Approaching Pools

A careful approach to known trout lies will produce more fish.

I spend many hours wading Southern streams, usually chasing trout. Through late summer local streams typically run low and seriously clear, and the fish turn painfully cautious. If a trout has time to give my lure a good look, that fish probably won’t bite. Similarly, once the fish spots me or otherwise senses my presence, I’m wasting time trying to catch that fish.

With those things in mind, I approach every pool carefully. I stay back from water’s edge or well downstream initially, scout out specific spots that should hold fish in ambush mode, and plan a first cast that lands my offering upstream of a prime ambush position and uses natural currents to deliver the lure to the zone.

Whether or not I catch a fish, I can then make another calculated cast to likely holding spot near the opposite bank and potentially catch different fish by surprise, and then I might move a few steps upstream to make a cast into the current that feeds the head of the run.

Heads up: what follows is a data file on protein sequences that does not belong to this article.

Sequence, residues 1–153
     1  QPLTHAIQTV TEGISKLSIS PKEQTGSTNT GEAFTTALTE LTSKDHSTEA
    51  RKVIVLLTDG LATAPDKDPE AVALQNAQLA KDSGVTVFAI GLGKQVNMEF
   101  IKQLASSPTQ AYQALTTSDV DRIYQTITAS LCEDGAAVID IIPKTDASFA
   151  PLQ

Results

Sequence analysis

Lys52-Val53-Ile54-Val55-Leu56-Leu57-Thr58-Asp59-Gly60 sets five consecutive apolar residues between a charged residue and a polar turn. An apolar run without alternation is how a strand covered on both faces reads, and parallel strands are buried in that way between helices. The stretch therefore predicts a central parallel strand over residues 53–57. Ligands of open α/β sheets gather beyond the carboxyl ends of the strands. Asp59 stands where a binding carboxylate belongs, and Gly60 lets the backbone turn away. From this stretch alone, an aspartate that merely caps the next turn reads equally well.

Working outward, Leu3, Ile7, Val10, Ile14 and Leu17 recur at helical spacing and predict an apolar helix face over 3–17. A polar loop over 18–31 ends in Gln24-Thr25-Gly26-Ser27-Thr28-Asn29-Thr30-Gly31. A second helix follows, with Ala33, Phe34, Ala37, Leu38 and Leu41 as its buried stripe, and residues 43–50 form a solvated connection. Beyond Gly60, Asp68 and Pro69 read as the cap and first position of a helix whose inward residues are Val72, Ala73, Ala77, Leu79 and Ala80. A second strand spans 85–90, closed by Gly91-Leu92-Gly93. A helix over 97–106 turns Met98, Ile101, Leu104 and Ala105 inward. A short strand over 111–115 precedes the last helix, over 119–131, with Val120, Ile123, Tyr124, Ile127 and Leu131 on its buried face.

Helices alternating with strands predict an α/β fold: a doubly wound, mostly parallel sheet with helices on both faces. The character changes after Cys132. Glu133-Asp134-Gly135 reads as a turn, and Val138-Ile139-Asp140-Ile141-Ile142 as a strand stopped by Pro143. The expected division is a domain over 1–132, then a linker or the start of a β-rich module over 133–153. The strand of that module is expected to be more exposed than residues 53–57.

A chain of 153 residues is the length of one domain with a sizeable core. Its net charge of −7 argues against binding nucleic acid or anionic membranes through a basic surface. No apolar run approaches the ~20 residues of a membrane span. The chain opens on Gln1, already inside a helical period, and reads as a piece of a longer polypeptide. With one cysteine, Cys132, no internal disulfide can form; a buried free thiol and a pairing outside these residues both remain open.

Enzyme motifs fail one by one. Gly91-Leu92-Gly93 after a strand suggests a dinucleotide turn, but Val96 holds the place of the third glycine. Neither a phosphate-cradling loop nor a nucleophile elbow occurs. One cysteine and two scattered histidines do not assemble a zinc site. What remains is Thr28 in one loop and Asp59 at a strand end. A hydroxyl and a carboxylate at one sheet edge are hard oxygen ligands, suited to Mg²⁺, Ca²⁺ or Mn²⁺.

Were I instead to fire my first cast up the center of the pool and work it down the middle, I might draw trout from hiding places. They’d have time to follow and analyze my offering in the open water, though, and would most likely turn away without striking—and the pool would be spoiled.

Don’t get me wrong. I don’t sit and have a planning meeting with myself before every upstream move. The process becomes pretty intuitive. That said, when streams get low and the fish become tough, investing a few minutes to dissect pools and calculate casts clearly can result in catching far more fish.

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